appearing epidermis. Further evaluation is required to better collaboration with patient groups help to formulate the
understand the timing of disease recurrence and whether patient-centered research and a potential funding.
clinical or histologic evaluation is best to evaluate recur- Limitations of this study include the use of a nonvalidated
rence and treatment response. patient questionnaire and the potential for recall bias. De-
Over the past 3 years, we have treated 10 patients with tailed pathologic, treatment and surgical information were
EMPD. Our initial evaluation for EMPD patients has de- not queried because of the perceived challenge that pa-
veloped to involve a full physical examination and a com- tients would not be able to consistently recall such details.

218 UROLOGY 111, 2018


Furthermore, the potential for selection bias also exists as 2. Cheng PS, Lu CL, Cheng CL, Lai FJ. Significant male predisposi-
patients who joined the support group and responded to tion in extramammary Paget disease: a nationwide population-
based study in Taiwan. Br J Dermatol. 2014;171:191-193.
the questionnaire may not represent all patients with EMPD. 3. Hegarty PK, Suh J, Fisher MB, et al. Penoscrotal extramammary Paget’s
Participating in the support group and questionnaire re- disease: the University of Texas M. D. Anderson cancer center con-
quired the ability to navigate social media, which not all temporary experience. J Urol. 2011;186:97-102.
potential patients may have possessed. Patients who sought 4. Harris PA, Taylor R, Thielke R, Payne J, Gonzalez N, Conde JG.
out the support group may have also had worse perfor- Research electronic data capture (REDCap)—a metadata-driven meth-
odology and workflow process for providing translational research in-
mance status, unfavorable medical experiences, or desired formatics support. J Biomed Inform. 2009;42:377-381.
new treatment alternatives. We were unable to perform risk 5. Jung JH, Kwak C, Kim HH, Ku JH. Extramammary Paget disease of
analyses for disease recurrence because of the power of this external genitalia: surgical excision and follow-up experiences with
study and the varied response rates to individual ques- 19 patients. Korean J Urol. 2013;54:834-839.
tions. As all patients were required to be living for the study, 6. Kang Z, Xu F, Zhu Y, et al. Genetic analysis of mismatch repair genes
alterations in extramammary Paget disease. Am J Surg Pathol.
no survival data were obtained. Despite these limita- 2016;40:1517-1525.
tions, this study provides a unique perspective of the clini- 7. Chanda JJ. Extramammary Paget’s disease: prognosis and relation-
cal and pathologic details of patients with EMPD who have ship to internal malignancy. J Am Acad Dermatol. 1985;13:1009-
been treated at several institutions, different from prior 1014.
single-institution studies. 8. Hatta N, Yamada M, Hirano T, Fujimoto A, Morita R. Extramammary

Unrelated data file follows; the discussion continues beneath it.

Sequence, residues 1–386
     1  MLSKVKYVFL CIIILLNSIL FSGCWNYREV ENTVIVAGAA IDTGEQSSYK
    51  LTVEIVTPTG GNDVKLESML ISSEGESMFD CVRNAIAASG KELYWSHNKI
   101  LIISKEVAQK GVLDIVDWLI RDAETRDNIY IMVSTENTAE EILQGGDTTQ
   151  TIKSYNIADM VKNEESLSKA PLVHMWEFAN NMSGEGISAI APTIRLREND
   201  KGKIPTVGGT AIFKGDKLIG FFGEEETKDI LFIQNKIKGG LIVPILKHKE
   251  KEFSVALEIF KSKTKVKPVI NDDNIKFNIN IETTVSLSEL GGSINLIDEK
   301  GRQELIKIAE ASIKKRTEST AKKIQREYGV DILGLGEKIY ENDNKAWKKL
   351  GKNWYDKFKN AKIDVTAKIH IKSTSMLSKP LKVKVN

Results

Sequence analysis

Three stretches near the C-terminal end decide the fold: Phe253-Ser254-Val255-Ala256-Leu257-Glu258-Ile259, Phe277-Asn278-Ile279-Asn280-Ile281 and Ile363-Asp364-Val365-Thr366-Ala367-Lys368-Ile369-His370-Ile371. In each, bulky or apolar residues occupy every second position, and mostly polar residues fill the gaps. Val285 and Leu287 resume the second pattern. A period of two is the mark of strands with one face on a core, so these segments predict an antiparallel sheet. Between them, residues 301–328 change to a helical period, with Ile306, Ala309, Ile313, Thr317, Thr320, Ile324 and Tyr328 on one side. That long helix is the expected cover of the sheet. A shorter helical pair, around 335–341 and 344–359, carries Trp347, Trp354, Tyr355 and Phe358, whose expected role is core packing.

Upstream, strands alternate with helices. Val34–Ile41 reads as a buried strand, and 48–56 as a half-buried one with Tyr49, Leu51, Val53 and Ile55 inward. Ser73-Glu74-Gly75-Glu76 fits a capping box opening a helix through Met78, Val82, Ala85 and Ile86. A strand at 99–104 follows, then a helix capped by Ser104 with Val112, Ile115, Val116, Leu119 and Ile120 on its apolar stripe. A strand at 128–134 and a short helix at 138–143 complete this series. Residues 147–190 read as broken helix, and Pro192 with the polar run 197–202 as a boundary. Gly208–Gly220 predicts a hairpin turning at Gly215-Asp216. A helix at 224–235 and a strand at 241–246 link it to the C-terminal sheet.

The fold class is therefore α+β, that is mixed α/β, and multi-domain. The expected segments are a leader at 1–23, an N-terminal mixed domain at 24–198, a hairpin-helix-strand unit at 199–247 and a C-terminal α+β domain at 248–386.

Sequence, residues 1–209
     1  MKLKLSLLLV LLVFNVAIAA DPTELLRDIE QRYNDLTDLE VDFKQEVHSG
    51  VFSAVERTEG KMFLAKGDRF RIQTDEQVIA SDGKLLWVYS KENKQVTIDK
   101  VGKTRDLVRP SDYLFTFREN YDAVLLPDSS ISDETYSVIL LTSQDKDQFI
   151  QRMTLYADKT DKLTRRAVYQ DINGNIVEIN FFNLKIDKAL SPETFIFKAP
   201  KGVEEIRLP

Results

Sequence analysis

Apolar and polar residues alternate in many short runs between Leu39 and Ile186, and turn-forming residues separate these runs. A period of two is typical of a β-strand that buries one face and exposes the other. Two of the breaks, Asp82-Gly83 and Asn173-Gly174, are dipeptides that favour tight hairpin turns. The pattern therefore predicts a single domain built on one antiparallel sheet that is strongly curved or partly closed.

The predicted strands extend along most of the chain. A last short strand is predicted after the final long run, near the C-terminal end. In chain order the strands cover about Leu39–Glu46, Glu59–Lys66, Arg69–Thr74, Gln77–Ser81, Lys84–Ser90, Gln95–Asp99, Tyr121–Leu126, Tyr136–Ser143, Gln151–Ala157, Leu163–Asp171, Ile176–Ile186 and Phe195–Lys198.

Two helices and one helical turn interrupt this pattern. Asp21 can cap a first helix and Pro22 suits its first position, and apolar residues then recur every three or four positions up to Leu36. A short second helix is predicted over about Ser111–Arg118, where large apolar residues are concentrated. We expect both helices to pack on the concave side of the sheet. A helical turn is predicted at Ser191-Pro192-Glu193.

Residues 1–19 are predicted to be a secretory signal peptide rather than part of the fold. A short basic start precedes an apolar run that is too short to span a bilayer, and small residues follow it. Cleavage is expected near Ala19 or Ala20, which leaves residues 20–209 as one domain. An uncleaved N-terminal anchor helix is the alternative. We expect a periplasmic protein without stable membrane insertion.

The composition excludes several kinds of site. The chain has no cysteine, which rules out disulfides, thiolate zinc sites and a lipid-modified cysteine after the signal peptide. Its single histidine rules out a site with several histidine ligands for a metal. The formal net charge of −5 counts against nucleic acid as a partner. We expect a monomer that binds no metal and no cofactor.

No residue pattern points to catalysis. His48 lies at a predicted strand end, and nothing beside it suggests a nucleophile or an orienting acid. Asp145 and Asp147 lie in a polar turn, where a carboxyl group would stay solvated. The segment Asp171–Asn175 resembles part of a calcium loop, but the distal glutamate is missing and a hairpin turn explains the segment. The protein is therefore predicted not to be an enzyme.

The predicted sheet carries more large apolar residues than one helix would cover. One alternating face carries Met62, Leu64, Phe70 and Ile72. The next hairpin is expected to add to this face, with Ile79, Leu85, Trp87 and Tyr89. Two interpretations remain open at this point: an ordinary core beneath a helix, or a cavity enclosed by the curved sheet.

Paget’s disease: treatment, prognostic factors and outcome in 76 pa-
tients. Br J Dermatol. 2008;158:313-318.
9. Crawford D, Nimmo M, Clement PB, et al. Prognostic factors in
CONCLUSION Paget’s disease of the vulva: a study of 21 cases. Int J Gynecol Pathol.
This study provides a novel view of the varied clinical and 1999;18:351-359.
10. Shu B, Shen XX, Chen P, Fang XZ, Guo YL, Kong YY. Primary
pathologic details from patients who have been treated
invasive extramammary Paget disease on penoscrotum: a
across varying institutions. Querying patients via elec- clinicopathological analysis of 41 cases. Hum Pathol. 2016;47:70-
tronic means is a viable and alternative method to study 77.
diseases with low incidences and helps to improve the 11. O’Connor WJ, Lim KK, Zalla MJ, et al. Comparison of mohs mi-
overall understanding of this disease process. We hope that crographic surgery and wide excision for extramammary Paget’s disease.
Dermatol Surg. 2003;29:723-727.
this study will help to raise awareness of the need for treat-
12. Lee SJ, Choe YS, Jung HD, et al. A multicenter study on
ment recommendations and provide education for physi- extramammary Paget’s disease in Korea. Int J Dermatol. 2011;50:508-
cians who may evaluate and treat patients with EMPD. 515.
13. Yang WJ, Kim DS, Im YJ, et al. Extramammary Paget’s disease of
penis and scrotum. Urology. 2005;65:972-975.
Acknowledgment. We thank Stephen Schroeder for his as- 14. Zhu Y, Ye DW, Chen ZW, Zhang SL, Qin XJ. Frozen section-
sistance with this project and commitment to furthering the study guided wide local excision in the treatment of penoscrotal
of EMPD. extramammary Paget’s disease. BJU Int. 2007;100:1282-1287.
15. Fanning J, Lambert HC, Hale TM, Morris PC, Schuerch C. Paget’s
disease of the vulva: prevalence of associated vulvar adenocarci-
noma, invasive Paget’s disease, and recurrence after surgical exci-